SARASOTA, Fla. -- Most people don’t give a second thought to the effort it takes to produce a theater show. Or if they do consider it, the credit for a good production usually lands at the feet of the director or the actors. Second only to the director, the stage manager is undoubtedly the most important person to a show’s success; nothing happens behind the scenes or on stage without their knowledge.
Although the director starts the creative process by mapping out a show’s artistic vision, stage managers are the glue that holds everything together. It is their responsibility to communicate closely with the artistic director, show director, music director, actors, set designer, technicians, stage crew and musicians to ensure that everything and everyone stays on point and on schedule.
Additionally, stage managers have a stake in every aspect of a show from the beginning of rehearsals to the very last curtain call. For many theaters, the stage manager works with the director to outline logistics and scheduling for all rehearsals, meetings and costume/wig fittings, and they are often the person that marks out the dimensions of the set on the floor of the rehearsal hall. They attend every rehearsal and oversee each individual performance documenting light and sound cues, actor blocking, props and costume changes.
Directors will typically leave once a show opens, and it falls to the stage manager to ensure that every aspect of the production runs just as the director intended, time after time, until the show closes.
Jeffery Kin, Artistic Director of the Players Theatre understands the value of a good stage manager. “Stage managers must have the ability to be clear and concise, firm yet fun … they set the mood and the tone. …[He or she] has to be one step ahead of mistakes; they have to know the mistake before it happens,” says Kin.
When asked to name a stage manager superstar, Kin is quick to give props to Alyssa Goudy.
“Alyssa Goudy is a phenomenal stage manager,” Kin says. “Her best quality is that she’s a lot of fun; she does everything out of a real sense of joy and passion for theatre. Because she’s having a blast, she wants everyone else to have a blast, too.”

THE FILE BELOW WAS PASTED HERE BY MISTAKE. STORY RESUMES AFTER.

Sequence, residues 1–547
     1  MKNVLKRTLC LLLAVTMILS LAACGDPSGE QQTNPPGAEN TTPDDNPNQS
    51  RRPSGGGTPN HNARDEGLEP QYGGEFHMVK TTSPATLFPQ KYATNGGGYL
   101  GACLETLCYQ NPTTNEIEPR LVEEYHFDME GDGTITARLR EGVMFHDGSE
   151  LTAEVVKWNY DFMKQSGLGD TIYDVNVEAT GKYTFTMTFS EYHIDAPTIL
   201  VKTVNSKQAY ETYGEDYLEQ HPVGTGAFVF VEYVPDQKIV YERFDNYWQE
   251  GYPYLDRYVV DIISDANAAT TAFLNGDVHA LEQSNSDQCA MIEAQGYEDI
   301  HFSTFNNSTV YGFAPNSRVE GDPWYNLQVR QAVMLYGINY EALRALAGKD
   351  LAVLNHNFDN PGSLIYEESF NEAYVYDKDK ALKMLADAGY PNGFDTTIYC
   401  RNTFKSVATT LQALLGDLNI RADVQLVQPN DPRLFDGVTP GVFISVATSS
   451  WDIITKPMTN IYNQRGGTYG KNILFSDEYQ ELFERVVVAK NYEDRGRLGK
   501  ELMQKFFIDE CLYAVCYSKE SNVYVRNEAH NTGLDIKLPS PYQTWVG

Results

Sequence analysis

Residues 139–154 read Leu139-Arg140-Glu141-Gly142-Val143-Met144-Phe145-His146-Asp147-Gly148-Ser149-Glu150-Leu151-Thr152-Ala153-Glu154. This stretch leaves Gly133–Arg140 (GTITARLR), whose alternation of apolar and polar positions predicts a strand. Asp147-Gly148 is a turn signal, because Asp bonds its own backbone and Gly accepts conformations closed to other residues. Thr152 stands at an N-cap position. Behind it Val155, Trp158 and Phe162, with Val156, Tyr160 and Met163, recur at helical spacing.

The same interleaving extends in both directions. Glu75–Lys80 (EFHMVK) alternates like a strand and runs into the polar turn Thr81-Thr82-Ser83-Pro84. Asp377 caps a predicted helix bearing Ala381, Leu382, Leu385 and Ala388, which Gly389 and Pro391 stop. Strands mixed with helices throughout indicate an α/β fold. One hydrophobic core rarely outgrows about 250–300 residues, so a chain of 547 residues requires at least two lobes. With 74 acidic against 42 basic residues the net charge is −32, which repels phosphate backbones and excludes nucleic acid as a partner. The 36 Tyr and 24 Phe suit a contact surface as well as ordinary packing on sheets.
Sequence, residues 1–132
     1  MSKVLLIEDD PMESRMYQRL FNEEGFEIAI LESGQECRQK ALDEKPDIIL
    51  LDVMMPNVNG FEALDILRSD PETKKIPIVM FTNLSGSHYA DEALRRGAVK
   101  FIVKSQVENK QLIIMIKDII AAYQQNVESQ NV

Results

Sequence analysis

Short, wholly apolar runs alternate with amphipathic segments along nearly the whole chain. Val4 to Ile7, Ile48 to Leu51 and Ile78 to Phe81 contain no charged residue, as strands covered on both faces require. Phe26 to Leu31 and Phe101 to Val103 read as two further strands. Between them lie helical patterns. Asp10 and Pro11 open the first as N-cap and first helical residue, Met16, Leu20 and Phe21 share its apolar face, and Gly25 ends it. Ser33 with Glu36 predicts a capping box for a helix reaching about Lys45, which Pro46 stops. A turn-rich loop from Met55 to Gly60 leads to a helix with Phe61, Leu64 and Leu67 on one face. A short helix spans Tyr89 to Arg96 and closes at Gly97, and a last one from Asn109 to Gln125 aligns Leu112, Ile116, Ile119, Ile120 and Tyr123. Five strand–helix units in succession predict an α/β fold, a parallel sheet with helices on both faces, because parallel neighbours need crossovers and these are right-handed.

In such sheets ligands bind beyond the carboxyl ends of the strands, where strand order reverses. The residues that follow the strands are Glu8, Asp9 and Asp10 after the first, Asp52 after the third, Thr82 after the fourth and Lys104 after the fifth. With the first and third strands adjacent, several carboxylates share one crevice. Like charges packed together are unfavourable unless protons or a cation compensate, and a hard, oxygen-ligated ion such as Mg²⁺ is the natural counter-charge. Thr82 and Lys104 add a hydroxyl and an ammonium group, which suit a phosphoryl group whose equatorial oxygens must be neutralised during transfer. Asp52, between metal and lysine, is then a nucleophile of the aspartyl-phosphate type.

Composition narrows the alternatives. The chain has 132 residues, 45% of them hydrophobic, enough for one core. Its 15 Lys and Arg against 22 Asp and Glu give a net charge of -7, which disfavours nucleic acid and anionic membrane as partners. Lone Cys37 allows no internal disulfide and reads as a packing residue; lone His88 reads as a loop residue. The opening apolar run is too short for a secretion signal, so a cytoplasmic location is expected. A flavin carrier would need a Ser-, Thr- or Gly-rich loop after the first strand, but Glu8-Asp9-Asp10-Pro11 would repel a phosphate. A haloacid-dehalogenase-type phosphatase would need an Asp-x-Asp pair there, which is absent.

Having and maintaining a positive attitude is important because stage managers are also the cheerleader for the cast, and are on the front line in helping to keep everyone psyched, ready and prepared.
“I love that I get to be a part of every scene, every character, every moment on stage … not just focusing on one thing, I am a piece of every department. And it’s fun! I get to make severed heads one day and play with lighting equipment the next.” says Goudy, who stage manages the Drag Queen Bingo and Pageant at Players Theatre.
Suncoast newcomer Chuck Conlon, also understands how important it is to be comfortable wearing many hats, since his last stint as stage manager for Denial at the Players Theatre required that he not only document and call all lighting and sound cues, but also work the control panel.
“I prefer to act because my technical abilities are limited … but [as a stage manager] I’m glad I get to meet and network with talented actors and work with established directors. Also I love to watch a show grow, from script to read through to final performance, it’s exciting, like watching a child grow up, reach maturity and then you get to kick it out when it becomes a teenager,” Conlon says.
Every show is different and staffed with different creative teams, so stage managers must also be flexible and fluid, ready to handle whatever happens.
“Being a stage manager, you are constantly faced with new challenges and there always new problems to solve,” says Kelly Borgia, stage manager of Hero: The Musical at Asolo Repertory Theatre. “It’s never boring, every day is different.”
The next time you find yourself on your feet, screaming bravo to the actors before you, give a moment to consider the many talented people who work behind the scenes. These unsung heroes and backstage superstars contribute so much in making sure that your experience is as thrilling and lasting as possible.